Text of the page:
Delegating is a relevant tool in a leadership role that sounds simple and logical, but is not easy for many leaders. Delegating involves transferring responsibility and tasks from a leader to employees. Being able to delegate is a crucial skill in modern leadership as it not only relieves leaders but also empowers employees. When leaders delegate tasks to competent team members, they can focus more on strategic tasks. For employees, delegation provides an opportunity for personal growth and professional development. They have the chance to learn new skills, face challenges, and gain confidence in themselves and their abilities.
In this blog post, we will briefly summarize what successful delegation looks like, the challenges that arise, and the steps that can help.
Why should one delegate?
Successful delegation brings a wealth of benefits, both for leaders and employees as well as teams as a whole. For leaders, it enables efficient use of their time and resources by allowing them to focus on their core responsibilities while delegating tasks to qualified team members. This can lead to more effective decision-making as responsibilities are distributed among multiple shoulders and the leader is not involved in every little detail themselves.
For employees, delegation provides an excellent opportunity for professional and personal development. They are encouraged to learn new skills and take on responsibility. When tasks are delegated meaningfully, employees can better utilize their strengths, focus on more challenging tasks, and implement their own ideas directly.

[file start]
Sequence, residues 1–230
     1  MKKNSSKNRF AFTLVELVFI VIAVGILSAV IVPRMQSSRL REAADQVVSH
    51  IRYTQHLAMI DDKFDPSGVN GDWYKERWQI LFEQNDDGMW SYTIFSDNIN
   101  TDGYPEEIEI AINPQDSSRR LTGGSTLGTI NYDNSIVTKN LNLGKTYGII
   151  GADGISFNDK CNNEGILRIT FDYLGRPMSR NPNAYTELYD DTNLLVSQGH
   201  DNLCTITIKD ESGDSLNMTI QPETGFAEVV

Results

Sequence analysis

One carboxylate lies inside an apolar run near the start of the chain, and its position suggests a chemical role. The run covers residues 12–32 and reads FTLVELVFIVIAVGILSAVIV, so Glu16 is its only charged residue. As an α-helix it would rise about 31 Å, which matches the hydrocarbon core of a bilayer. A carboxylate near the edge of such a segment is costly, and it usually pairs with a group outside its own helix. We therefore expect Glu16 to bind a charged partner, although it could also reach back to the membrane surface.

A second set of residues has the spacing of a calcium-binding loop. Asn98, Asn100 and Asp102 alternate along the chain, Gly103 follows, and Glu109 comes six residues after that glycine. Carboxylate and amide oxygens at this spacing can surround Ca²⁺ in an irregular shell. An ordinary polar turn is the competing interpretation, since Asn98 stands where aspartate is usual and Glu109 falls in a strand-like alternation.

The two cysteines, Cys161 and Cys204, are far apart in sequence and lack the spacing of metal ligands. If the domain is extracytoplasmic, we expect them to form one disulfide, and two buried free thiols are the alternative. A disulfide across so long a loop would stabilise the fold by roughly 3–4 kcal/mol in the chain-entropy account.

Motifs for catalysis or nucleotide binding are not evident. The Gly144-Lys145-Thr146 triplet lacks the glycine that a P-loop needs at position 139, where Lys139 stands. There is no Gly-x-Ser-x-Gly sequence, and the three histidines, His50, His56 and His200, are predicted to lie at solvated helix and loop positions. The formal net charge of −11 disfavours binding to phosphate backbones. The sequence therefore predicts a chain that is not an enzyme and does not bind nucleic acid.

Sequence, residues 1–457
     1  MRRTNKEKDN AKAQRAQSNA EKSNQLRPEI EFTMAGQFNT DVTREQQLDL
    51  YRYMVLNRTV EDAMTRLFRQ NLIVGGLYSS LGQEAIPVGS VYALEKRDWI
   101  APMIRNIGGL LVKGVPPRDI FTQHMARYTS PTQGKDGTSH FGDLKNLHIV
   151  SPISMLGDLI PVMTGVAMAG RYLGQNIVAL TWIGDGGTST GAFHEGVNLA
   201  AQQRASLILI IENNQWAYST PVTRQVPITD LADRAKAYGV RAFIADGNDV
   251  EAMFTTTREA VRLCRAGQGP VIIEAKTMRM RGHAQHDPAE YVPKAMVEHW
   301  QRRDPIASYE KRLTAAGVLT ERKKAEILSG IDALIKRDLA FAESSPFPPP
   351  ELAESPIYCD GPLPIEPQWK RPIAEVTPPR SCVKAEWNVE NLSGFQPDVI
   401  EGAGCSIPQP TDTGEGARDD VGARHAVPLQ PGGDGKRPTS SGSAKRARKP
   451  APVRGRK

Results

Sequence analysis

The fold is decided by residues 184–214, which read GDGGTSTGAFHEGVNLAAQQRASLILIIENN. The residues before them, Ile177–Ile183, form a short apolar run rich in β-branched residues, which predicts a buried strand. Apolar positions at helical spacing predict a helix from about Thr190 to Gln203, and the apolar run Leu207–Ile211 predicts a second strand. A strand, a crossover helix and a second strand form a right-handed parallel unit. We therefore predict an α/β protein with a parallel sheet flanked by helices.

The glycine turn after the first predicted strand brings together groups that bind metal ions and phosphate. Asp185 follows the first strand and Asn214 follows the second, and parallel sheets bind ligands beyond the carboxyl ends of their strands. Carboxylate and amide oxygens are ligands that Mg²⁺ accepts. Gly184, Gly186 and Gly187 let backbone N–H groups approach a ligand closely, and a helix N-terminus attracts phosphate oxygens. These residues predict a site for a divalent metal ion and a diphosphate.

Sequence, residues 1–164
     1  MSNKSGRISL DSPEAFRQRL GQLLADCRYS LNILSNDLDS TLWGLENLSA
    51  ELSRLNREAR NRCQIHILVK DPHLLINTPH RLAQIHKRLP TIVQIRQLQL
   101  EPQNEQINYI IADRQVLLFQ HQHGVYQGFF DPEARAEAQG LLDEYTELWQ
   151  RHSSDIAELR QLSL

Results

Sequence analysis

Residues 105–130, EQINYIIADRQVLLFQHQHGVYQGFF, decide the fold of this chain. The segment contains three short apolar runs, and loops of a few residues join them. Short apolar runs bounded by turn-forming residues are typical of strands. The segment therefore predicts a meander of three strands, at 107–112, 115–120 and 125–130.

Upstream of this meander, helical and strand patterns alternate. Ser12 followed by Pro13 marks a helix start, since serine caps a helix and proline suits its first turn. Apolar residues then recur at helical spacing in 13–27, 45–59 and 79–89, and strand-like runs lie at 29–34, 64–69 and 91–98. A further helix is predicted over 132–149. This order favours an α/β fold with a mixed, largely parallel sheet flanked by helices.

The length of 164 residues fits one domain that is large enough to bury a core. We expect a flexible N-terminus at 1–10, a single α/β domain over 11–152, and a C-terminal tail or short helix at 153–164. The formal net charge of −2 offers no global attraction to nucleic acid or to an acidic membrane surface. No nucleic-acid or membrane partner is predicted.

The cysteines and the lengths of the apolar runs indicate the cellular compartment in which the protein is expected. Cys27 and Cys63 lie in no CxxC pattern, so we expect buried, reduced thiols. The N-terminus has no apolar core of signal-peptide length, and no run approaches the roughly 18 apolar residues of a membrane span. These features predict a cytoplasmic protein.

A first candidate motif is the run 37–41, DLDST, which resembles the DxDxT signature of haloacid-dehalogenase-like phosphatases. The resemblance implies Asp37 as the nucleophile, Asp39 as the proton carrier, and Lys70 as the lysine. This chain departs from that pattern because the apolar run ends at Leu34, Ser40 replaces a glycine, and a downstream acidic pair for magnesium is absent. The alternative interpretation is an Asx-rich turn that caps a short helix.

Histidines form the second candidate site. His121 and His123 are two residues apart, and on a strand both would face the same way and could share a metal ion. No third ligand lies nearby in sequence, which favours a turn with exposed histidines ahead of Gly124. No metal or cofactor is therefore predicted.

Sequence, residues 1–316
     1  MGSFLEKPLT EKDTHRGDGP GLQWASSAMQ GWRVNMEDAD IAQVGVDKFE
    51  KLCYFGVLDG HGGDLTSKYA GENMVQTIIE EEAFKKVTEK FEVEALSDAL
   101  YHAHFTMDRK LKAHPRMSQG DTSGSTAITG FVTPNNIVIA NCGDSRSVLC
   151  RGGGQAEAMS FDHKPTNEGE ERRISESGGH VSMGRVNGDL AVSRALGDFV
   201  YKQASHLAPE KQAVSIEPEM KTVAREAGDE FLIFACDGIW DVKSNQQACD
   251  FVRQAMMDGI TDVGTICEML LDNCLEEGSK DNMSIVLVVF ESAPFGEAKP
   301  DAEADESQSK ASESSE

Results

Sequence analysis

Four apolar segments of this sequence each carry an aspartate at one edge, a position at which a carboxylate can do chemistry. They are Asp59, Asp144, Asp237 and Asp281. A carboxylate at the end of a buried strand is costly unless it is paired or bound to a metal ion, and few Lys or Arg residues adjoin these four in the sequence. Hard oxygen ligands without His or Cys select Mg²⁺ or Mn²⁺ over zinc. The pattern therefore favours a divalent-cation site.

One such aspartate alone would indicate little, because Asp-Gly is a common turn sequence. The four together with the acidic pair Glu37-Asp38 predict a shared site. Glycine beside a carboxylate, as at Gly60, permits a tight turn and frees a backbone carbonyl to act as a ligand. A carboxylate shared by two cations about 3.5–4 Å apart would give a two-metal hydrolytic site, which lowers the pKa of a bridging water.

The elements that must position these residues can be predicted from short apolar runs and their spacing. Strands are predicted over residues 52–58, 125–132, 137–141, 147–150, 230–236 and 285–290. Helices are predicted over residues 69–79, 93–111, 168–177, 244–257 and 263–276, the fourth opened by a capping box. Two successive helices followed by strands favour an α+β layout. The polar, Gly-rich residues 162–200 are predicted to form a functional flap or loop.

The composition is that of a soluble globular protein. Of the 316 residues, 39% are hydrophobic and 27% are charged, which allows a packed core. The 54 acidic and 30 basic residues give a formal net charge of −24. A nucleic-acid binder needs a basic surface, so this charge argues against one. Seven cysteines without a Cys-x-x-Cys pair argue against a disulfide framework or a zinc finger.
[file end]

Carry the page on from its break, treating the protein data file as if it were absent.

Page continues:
Delegation also strengthens trust and collaboration within the team as everyone is encouraged to take responsibility and contribute to shared success. Direct communication channels can be utilized more effectively when everything no longer has to go through the leader.
What to look out for when delegating?
Although there are many benefits, some challenges can arise when one aims to delegate more.
The greatest challenge for the leader is themselves. Their implicit assumptions about the capabilities of others and the lack of trust in the abilities of employees can be challenges, of which they are sometimes not even aware. Being able to delegate responsibility also means losing control. Just the feeling of it can already lead to not even attempting to delegate. This has little to do with the actual abilities of the team members, but rather with the insecurities of the leader.
One challenge in the process is identifying which tasks can be delegated. It can also be difficult to strike the right balance between tasks that can be delegated and those that should be handled by the leader.
One of the biggest challenges is delegating the right tasks to the right people. It requires a good understanding of each team member's skills and strengths.
Once you know who can handle what, another challenge is clear communication about expectations and goals. A lack of shared understanding about the purpose and goals of task completion can lead to unnecessary extra work and frustration for both parties.